One of the main uses of VIAF within OCLC is for collecting bibliographic descriptions into work records. Doing this requires both the identification of authors and their titles, and is now another example of how VIAF both sends and pulls data from a source, in this case WorldCat, the main bibliographic database maintained by OCLC. We have found that managing a database of hundreds of millions of works requires special techniques. We are exposing the results of those as VIAF work and expression records so they can be of use to others.

Thomas Hickey is Chief Scientist at OCLC where he helped found OCLC Research. Current interests include metadata creation and editing systems, authority control, parallel systems for bibliographic processing, and information retrieval and display. In addition to implementing VIAF, his group looks into exploring Web access to metadata, identification of FRBR works and expressions in WorldCat, the algorithmic creation of authorities, and the characterization of collections. He has an undergraduate degree in Physics and a Ph.D. in Library and Information Science.

Event Q&A

Q: My understanding is that there's no way to prevent someone for creating an ORCID ID for a fake identity as an author or reviewer. If this is correct, are you thinking of any way to actually validate the identity of the person creating the ORCID ID?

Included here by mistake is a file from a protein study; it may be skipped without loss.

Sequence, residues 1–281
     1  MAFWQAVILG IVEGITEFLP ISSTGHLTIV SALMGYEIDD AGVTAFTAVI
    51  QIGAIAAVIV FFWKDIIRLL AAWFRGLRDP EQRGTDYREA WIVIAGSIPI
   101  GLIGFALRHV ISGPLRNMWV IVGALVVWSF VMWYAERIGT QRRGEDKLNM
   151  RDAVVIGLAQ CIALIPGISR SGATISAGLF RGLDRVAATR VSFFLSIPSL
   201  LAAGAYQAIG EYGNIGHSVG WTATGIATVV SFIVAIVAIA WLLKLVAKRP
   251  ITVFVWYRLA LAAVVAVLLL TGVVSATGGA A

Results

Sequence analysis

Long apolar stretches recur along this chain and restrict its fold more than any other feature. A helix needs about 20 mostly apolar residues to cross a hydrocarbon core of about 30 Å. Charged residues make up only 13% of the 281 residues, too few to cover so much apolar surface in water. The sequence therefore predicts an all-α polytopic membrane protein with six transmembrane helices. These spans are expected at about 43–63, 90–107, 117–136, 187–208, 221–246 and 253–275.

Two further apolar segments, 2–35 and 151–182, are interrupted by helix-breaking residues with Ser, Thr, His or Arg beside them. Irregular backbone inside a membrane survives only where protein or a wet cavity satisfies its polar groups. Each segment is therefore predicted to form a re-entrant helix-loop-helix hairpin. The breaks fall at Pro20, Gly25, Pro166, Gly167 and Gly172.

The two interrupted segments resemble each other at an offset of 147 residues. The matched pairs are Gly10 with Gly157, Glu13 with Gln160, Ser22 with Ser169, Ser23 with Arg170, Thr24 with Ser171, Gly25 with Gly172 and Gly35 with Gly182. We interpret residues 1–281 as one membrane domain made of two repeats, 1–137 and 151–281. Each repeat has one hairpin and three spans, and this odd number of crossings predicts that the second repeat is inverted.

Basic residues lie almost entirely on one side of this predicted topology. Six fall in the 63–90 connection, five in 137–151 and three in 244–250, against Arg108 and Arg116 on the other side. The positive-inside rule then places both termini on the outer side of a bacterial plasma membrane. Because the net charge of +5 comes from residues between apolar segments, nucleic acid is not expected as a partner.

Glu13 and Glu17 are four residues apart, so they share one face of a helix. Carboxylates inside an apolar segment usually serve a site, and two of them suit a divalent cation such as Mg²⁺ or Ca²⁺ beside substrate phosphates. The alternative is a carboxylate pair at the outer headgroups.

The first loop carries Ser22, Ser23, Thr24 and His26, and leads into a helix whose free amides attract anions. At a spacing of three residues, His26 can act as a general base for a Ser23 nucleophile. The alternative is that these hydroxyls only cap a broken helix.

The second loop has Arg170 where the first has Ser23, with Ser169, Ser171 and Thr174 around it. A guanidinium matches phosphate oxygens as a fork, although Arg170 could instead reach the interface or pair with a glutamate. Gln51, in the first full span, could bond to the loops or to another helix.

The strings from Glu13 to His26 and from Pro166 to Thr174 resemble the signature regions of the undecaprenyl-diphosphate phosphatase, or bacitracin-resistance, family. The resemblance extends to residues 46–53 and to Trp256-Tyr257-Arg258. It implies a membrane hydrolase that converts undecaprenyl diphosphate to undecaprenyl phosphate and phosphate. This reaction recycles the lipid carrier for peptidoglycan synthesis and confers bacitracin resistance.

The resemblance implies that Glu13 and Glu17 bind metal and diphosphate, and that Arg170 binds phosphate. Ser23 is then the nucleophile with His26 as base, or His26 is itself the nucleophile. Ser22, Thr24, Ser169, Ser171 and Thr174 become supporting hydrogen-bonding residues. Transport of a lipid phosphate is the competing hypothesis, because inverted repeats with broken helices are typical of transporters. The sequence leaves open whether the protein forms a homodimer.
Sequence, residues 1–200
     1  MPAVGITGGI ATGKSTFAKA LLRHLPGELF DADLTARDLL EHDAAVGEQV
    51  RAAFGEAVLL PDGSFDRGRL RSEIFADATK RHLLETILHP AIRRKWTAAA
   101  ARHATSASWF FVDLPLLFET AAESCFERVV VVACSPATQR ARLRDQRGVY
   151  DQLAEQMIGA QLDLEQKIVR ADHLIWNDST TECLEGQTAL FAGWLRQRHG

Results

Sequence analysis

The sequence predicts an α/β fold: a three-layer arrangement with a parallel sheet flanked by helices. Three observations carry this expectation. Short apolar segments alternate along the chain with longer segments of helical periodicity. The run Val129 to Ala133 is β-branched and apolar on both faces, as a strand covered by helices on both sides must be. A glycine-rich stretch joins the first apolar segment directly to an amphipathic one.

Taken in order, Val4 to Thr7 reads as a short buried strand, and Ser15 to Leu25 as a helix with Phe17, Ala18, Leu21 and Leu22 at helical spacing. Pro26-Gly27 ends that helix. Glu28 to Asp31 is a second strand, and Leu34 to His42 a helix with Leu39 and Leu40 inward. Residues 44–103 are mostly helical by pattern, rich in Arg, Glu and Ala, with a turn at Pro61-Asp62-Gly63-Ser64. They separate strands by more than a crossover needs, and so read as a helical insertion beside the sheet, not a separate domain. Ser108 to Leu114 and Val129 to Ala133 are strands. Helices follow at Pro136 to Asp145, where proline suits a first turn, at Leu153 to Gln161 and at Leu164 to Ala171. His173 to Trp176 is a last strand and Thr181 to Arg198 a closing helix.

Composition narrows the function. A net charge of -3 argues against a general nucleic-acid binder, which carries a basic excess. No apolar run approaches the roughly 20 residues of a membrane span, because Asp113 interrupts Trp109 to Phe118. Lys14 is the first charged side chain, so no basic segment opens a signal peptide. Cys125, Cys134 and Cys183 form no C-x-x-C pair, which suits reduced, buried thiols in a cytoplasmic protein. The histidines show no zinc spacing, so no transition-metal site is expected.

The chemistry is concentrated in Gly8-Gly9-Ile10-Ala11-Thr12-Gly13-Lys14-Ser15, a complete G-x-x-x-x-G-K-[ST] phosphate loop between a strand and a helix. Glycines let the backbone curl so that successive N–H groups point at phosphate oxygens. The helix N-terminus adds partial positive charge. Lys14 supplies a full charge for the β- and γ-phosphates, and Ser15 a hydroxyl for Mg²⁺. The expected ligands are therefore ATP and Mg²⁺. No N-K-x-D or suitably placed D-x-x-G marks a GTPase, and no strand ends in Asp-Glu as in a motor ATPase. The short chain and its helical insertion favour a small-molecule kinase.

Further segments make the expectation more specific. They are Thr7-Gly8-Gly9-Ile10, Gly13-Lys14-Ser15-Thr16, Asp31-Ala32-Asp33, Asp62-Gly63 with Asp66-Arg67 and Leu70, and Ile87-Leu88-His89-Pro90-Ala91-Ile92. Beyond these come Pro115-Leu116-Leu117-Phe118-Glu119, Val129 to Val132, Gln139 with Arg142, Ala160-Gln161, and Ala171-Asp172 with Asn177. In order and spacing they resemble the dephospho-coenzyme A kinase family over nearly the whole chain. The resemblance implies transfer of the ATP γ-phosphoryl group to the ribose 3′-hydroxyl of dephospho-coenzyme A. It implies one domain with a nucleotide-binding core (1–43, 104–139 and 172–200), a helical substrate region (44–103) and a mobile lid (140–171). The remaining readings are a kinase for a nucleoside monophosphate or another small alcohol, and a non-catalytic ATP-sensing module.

(Simeon Warner): There isn't a mechanism to stop creation of an ORCID iD for a fake identity. However, there is a dispute resolution process (see <http://orcid.org/orcid-dispute-procedures>) to deal with cases of misuse. I note that this is the same situation as the current publication world where articles and books are published under alternate identities which may or may not be readily connected to the real person. A key benefit of ORCID in even these situations is re-use of the identity for multiple works, grants, etc. and connections to other systems that might validate or explain that identity.

(BTW, my favorite example a fake identity is "John Rainwater" who never existed but has a fine publication record in mathematics. John's publications were actually written by a number of different people (see <https://en.wikipedia.org/wiki/John_Rainwater>). I note that John is well described in VIAF <http://viaf.org/processed/LC%7Cno2002106847> based on the LC record <http://id.loc.gov/authorities/names/no2002106847>.)

Q: Can institutions capture all the ORCIDS for researchers at an institution? 

(SW): Yes, by two means: As a member organization helping to create and link researchers to their ORCID identities, the organization will get validated ORCID identities via linking process (using oauth, see <http://support.orcid.org/knowledgebase/articles/119676-tokens-through-3-legged-oauth-authorization>). The second method is to extract from ORCID data all entries with the institution names or Ringgold identities the represent your organization (they are quite granular, there are about a dozen identities for different parts of Cornell for example).